No major reshuffle expected as Theresa May looks to form a new Cabinet and negotiate a DUP deal

 
Jasper Jolly
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Theresa May Seeks Queen's Permission To Form A UK Government
Theresa May has insisted she will not resign (Source: Getty)

Theresa May is in talks with senior Conservative politicians on forming her new Cabinet, while in-depth talks continue with Northern Ireland’s Democratic Unionist party (DUP) over a confidence and supply agreement to allow them to govern.

The Prime Minister is expected to choose the members of her cabinet today, although the scope for any major reshuffle was limited by the humiliating failure to reach a majority in Thursday’s General Election.

May had been expected to move senior figures in her Cabinet if she had won an increased majority. During the election campaign she repeatedly failed to back her chancellor, Philip Hammond, to stay in his job.

Read more: Confidence and supply: How does the Tory/DUP minority government work?

However, May’s weak position has left her unable to make major changes, while Conservative MP Anna Soubry said yesterday May should “consider her position”.

But some more junior roles need to be filled after several ministers lost their seats. Housing minister Gavin Barwell lost his Croydon Central seat to Labour by more than 5,000 votes, while former Treasury minister Jane Ellison lost her Battersea seat by more than 2,000.

The Conservative party lost its majority in the House of Commons after a Labour vote surge saw it take seats from the Tories across the country (but particularly in the capital), leaving May reliant on the DUP to pass a Queen’s Speech, one of the central acts of government.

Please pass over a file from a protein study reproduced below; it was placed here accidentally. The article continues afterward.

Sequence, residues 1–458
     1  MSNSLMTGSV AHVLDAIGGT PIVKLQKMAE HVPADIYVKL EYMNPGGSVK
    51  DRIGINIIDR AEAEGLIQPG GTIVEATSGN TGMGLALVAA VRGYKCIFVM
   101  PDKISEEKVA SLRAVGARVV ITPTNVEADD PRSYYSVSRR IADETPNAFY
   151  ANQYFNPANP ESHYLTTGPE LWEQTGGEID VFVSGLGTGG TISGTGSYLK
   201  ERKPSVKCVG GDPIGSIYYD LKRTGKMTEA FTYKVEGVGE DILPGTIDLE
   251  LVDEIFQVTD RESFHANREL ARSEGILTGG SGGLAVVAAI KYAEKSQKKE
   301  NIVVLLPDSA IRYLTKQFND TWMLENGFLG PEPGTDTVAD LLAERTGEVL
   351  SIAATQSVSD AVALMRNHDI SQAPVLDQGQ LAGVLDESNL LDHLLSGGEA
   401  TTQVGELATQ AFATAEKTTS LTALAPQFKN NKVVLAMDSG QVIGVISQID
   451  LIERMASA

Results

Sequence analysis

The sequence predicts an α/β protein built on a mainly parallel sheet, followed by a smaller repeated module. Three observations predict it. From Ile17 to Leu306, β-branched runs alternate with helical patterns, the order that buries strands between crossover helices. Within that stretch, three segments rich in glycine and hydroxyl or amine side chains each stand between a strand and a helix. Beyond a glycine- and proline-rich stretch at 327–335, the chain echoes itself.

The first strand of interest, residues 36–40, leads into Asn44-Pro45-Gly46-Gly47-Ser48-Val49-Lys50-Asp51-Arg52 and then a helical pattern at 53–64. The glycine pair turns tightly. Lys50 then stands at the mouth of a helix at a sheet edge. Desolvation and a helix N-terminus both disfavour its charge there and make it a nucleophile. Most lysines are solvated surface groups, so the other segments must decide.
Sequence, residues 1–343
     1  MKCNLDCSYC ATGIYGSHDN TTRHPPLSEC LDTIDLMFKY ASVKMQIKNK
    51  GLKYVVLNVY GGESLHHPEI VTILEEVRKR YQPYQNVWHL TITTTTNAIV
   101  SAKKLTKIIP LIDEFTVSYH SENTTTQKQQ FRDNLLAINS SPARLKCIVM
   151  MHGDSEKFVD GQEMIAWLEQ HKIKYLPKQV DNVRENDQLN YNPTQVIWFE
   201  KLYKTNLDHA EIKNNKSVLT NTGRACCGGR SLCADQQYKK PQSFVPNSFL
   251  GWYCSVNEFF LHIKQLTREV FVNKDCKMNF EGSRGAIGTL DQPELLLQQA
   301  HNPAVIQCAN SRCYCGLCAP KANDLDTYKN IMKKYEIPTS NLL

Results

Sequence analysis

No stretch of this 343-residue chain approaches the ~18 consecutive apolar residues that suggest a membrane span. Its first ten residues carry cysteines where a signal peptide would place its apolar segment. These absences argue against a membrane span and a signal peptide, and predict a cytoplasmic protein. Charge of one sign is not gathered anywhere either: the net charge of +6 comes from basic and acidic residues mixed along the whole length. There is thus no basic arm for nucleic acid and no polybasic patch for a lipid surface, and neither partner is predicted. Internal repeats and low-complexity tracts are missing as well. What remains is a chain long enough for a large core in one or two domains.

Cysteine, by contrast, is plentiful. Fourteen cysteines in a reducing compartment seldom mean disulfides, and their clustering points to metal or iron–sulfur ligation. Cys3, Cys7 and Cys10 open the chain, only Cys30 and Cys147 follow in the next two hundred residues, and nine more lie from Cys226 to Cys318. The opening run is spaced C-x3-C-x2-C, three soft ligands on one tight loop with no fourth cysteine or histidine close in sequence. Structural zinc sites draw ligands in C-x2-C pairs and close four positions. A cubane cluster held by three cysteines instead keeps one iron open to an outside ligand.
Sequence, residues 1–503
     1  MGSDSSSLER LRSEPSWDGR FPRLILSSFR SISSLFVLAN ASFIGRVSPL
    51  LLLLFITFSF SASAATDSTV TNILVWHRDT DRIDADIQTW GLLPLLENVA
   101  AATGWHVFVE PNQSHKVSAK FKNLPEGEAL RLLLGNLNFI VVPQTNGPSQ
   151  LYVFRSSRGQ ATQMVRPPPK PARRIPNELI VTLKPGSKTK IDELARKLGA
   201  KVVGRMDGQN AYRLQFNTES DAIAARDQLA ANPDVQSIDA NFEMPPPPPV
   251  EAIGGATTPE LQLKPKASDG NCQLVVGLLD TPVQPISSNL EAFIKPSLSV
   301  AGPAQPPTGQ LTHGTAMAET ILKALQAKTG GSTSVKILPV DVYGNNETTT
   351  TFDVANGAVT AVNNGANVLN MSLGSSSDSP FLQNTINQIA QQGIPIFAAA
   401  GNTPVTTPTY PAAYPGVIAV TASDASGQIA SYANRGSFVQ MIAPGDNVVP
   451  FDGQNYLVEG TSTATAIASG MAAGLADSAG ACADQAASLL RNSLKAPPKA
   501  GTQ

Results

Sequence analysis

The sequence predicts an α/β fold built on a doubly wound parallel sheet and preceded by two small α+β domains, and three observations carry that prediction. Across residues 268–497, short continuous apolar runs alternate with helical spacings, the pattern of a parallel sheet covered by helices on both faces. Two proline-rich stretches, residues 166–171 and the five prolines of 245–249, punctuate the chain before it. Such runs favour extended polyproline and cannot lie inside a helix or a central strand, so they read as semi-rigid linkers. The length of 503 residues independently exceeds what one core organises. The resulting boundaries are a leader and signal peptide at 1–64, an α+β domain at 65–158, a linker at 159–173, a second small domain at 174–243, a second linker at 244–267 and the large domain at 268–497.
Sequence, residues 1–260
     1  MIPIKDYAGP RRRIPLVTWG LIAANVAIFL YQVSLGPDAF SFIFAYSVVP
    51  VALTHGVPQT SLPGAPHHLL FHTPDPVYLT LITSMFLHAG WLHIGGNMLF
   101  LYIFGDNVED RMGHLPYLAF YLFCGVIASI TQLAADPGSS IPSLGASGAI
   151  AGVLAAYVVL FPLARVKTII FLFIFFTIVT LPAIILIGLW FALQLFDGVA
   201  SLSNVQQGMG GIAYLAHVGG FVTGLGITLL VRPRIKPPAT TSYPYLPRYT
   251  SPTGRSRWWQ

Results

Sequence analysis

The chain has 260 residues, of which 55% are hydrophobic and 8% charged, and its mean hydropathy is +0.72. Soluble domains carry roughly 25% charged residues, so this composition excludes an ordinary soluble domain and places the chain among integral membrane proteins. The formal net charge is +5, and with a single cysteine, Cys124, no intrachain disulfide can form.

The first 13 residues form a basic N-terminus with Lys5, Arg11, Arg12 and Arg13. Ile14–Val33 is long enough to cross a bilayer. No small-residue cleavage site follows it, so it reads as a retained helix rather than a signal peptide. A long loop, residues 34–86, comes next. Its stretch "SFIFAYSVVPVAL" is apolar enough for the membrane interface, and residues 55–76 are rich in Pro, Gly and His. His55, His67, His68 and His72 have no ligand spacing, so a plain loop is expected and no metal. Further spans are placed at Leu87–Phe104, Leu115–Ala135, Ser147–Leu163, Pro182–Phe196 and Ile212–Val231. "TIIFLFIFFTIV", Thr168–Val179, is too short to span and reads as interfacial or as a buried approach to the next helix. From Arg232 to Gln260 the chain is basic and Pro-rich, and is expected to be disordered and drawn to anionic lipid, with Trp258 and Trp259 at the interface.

However, May faced questions from within the Conservative party ranks over the DUP’s attitude to gay rights and women’s rights. The DUP is officially opposed to same-sex marriage and abortion, while senior DUP politicians have previously said they are “repulsed” by gay people and linked homosexuality to child abuse.

Read more: Theresa May to remain Prime Minister as she forms government with DUP

Scottish Conservative party leader Ruth Davidson yesterday held talks with May to seek a “categoric assurance” there would be recension of LGBTI rights in any agreement with the DUP.

Davidson, who led the party to a gain of 12 seats plus the one it already held north of the border, yesterday pointedly tweeted a speech on equal marriage to Amnesty Pride in Belfast.

Tom Tugendhat, the Conservative MP for Tonbridge and Malling, wrote on Twitter: “I joined a party that introduced equal marriage, backs civil rights and defends freedom of faith. Those principles won't be compromised.”

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